When Destiny 2 developer Bungie revealed its Armor 2.0 system coming with Shadowkeep in October, most of the features seemed like steps in the right direction for the franchise. However, there was one element that had players confused, if not concerned that it might sour the system’s overall appeal.
During the Armor 2.0 stream, Bungie revealed that weapon loader mods (like Hand Cannon loader or Sidearm Loader) would be locked to specific elements. So if players wanted Hand Cannon Loader they would need to get the Void version of that armor piece.
For a system that is supposed to be about allowing Destiny 2 players freedom, the limitation was frustrating. Thankfully, game director Luke Smith has jumped in to clear the confusion and confirm that there is a solution.
According to Smith, there will be generic weapon loader mods available for the Armor 2.0 system. Like what’s currently available in Destiny 2, these mods will impact a larger weapon group (like small arms, for example) and offer the same impact that a specific reload mod does. However, the tradeoff is that these general mods carry a higher energy cost and therefore limit the amount of total mods that the player can use.
This thread is about reloader mods (and also mods more generally in Armor this Fall):
In Part II, I talked about Hand Cannon mods which can be socketed into Void Armor for 3 Energy.
I should've also discussed that there are general mods like Small Arms Loader
These general mods--which provide the exact same effect as Hand Cannon reloader (but also affects other small arms weapons)--cost 4-5 energy (depending on the mod) and do not have an elemental affinity associated with them.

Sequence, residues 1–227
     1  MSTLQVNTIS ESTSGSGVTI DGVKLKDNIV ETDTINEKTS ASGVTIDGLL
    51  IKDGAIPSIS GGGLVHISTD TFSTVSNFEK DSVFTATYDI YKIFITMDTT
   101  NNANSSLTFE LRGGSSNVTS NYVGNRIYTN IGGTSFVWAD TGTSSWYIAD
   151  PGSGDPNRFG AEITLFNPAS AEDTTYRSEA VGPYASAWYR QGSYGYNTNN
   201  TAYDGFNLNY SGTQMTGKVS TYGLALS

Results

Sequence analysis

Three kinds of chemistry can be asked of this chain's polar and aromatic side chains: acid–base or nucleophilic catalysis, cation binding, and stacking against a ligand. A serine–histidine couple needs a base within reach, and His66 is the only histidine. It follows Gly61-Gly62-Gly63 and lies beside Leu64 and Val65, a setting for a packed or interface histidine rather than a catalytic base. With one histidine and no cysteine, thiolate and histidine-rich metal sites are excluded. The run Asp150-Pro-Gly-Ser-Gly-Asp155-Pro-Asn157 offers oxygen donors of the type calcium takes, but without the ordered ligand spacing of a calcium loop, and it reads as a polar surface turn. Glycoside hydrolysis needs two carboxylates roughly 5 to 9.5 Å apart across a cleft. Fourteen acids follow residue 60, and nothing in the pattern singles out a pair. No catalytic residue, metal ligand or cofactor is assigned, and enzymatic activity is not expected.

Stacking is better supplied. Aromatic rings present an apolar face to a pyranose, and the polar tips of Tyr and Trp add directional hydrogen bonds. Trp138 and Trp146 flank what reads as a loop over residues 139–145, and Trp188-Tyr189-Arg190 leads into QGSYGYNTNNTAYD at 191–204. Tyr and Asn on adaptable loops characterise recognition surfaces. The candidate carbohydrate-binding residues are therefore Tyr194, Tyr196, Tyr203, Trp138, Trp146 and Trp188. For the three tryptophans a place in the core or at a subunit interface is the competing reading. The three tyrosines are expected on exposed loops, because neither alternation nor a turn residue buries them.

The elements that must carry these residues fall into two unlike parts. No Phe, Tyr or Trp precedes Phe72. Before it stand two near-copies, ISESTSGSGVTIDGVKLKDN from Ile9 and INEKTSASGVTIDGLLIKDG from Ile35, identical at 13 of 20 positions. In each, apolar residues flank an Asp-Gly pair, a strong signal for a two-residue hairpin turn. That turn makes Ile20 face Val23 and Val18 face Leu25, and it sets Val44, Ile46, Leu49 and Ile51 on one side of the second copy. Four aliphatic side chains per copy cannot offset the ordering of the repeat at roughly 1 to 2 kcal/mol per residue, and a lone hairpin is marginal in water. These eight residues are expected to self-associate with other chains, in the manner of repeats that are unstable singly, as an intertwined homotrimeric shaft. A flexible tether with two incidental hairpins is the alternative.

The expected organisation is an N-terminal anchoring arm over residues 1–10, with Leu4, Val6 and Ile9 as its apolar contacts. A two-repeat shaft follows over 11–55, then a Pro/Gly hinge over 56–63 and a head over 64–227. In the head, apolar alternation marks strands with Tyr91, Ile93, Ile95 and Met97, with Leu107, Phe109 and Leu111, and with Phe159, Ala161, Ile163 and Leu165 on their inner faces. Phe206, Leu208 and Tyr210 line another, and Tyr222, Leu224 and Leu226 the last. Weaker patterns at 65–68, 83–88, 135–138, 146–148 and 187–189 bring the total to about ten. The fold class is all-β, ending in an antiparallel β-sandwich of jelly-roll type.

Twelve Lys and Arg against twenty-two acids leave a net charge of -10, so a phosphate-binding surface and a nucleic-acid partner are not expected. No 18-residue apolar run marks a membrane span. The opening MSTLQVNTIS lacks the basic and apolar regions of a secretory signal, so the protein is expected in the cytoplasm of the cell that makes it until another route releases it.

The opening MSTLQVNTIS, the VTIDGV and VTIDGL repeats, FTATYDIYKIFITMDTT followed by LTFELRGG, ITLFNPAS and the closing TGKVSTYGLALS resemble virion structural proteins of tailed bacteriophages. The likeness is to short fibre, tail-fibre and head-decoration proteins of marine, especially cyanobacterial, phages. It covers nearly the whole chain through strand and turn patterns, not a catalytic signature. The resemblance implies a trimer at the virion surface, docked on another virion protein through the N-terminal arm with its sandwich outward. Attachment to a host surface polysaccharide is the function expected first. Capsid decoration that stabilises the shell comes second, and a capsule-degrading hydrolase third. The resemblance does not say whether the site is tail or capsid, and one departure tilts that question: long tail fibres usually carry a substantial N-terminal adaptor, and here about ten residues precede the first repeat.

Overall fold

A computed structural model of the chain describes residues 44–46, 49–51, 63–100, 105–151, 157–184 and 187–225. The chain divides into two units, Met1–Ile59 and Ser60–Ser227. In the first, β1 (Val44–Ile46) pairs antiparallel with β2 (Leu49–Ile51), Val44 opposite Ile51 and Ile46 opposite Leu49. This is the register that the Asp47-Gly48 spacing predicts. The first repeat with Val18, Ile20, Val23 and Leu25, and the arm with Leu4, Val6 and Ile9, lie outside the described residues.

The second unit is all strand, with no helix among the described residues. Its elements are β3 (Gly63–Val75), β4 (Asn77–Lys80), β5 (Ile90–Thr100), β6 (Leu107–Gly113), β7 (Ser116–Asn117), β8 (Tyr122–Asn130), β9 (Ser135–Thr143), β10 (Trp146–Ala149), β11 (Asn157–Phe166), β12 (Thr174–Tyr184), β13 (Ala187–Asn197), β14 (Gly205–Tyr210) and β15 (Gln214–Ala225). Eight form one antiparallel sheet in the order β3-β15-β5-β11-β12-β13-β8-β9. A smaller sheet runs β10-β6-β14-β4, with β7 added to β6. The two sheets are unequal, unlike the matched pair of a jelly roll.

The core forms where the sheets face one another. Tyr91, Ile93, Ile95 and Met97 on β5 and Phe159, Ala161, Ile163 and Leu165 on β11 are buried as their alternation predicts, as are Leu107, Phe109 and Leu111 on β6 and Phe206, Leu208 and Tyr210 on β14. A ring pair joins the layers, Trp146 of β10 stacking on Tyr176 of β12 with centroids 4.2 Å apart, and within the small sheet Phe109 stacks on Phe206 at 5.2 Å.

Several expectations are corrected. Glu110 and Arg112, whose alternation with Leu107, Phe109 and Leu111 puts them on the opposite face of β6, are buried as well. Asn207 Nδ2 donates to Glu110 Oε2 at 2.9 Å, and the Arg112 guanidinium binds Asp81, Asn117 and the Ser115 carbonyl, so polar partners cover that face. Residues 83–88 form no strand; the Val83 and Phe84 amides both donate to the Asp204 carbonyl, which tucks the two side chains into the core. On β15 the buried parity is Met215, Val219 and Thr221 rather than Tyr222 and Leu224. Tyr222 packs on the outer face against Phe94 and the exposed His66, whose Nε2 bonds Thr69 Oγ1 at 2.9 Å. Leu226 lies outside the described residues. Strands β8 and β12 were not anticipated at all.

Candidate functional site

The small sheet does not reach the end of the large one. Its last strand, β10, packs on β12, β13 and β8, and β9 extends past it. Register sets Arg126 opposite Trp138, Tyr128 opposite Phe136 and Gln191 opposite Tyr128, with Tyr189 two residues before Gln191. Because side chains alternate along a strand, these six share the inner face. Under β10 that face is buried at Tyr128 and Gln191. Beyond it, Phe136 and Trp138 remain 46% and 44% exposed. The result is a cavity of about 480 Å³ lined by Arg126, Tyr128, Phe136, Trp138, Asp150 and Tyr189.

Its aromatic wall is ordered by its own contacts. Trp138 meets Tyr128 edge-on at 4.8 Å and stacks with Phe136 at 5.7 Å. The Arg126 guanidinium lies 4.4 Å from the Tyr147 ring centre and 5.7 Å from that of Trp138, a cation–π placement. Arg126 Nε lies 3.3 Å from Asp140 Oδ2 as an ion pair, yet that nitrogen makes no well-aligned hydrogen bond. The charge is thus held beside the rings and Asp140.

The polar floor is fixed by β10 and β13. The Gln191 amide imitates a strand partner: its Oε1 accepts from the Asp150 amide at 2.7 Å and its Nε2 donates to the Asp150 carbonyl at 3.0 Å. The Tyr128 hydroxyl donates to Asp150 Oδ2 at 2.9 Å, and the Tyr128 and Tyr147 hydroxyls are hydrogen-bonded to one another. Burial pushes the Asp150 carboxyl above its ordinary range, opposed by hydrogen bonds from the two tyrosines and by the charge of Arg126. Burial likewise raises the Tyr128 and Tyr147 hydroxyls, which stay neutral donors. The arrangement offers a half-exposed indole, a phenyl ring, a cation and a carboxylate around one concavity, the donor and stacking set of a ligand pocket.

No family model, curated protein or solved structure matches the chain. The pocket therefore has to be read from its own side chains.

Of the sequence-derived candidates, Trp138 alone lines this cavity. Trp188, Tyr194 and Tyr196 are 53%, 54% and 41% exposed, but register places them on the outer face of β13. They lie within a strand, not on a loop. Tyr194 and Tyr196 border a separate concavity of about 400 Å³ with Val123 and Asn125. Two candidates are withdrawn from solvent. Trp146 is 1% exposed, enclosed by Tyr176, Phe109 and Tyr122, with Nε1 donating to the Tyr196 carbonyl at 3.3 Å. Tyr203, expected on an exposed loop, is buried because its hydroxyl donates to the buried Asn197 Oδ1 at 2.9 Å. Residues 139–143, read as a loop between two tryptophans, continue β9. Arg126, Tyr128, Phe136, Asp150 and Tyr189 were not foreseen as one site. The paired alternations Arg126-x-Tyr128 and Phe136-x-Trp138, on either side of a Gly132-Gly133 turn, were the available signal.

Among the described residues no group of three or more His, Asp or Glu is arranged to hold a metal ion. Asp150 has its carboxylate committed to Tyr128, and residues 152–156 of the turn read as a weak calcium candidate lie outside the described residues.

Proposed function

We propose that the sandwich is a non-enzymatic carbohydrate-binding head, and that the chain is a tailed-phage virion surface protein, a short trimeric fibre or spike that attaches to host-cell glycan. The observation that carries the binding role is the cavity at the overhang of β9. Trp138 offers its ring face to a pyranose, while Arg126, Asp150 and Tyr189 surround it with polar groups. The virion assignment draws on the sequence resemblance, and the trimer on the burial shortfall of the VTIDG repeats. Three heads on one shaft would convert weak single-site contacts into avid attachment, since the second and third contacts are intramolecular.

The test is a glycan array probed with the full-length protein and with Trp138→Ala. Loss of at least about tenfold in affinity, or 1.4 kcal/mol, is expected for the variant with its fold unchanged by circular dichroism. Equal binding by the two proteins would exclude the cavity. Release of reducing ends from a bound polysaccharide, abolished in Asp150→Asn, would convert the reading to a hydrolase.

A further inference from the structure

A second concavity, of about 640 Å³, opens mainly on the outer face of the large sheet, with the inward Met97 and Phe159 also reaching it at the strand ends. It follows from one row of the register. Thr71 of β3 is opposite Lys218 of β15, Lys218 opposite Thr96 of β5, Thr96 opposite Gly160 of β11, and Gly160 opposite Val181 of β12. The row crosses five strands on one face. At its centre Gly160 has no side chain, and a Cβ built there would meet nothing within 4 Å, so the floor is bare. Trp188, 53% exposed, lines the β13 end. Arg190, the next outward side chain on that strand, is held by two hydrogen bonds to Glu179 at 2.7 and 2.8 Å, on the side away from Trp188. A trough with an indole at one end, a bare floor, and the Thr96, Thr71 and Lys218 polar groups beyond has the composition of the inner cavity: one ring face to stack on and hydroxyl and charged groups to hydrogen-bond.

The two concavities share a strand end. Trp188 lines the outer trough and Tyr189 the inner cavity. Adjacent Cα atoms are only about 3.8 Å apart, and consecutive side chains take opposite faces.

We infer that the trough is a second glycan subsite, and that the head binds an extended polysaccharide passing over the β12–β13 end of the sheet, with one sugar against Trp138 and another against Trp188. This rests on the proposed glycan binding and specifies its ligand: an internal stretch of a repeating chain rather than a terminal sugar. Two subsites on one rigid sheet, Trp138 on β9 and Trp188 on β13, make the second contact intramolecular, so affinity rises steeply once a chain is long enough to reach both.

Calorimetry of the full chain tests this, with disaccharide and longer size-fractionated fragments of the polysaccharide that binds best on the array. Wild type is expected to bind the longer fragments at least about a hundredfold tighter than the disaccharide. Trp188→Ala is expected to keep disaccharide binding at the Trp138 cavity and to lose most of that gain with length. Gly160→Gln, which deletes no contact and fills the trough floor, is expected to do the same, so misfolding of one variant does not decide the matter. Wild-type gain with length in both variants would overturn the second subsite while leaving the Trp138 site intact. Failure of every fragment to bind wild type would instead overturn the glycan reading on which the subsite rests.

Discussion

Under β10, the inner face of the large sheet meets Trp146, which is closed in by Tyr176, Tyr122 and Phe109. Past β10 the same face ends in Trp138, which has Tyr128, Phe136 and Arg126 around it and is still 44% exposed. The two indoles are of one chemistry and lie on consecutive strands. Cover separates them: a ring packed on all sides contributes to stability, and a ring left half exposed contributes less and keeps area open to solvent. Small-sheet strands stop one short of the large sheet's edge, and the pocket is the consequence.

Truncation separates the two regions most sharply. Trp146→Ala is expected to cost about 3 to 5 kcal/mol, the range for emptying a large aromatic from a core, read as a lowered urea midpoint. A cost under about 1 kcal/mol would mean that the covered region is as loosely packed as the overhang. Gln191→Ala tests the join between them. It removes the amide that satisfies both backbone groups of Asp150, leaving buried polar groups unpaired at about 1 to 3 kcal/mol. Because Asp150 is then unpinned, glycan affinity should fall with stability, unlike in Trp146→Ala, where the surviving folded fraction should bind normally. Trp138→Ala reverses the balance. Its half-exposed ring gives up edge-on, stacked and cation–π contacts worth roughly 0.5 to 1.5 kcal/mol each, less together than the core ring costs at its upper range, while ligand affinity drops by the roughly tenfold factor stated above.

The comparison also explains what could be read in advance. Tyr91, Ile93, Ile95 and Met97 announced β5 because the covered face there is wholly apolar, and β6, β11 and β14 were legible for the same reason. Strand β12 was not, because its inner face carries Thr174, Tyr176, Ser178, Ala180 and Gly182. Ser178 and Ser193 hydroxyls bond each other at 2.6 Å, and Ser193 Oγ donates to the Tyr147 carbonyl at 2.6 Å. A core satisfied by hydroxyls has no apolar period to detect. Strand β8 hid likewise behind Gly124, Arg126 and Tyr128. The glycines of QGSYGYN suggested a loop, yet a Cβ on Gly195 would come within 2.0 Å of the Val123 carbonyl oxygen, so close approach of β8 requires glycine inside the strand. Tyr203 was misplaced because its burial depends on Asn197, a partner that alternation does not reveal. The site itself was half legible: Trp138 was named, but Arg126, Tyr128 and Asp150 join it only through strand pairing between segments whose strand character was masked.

These general mods -- of which there are 11 -- are unlocked for everyone automatically, so you can start to tinker right away.
Basically, when when you want to specialize your weapon, it requires matching your armor's energy type.
And then you get an energy discount on socketing the mod.
Smith’s clarification should help ease the concern that Destiny 2 players had after the Armor 2.0 stream. Yes, the limitation still exists around certain weapon loader mods being tied to certain elemental affinities, but there are mods that boost reload that have no limitations. The only difference is those mods carry a higher cost.
Without having used the Armor 2.0 system first hand, it’s hard to know how much of an issue customizing builds will be. We don’t know how easy it is going to be to acquire the best mods (from pinnacle activities) and we don’t know if there are any other limitations that Bungie has yet to announce.
But the good news is that Bungie had an answer for player concerns even before a piece of Destiny 2 content or feature released. In the Activision days, Bungie did a lot of reacting to feedback instead of anticipating a response. Now, the developer seems to have answers for questions ahead of time.
Destiny 2: Shadowkeep releases October 1, 2019 for PC, PS4, and Xbox One.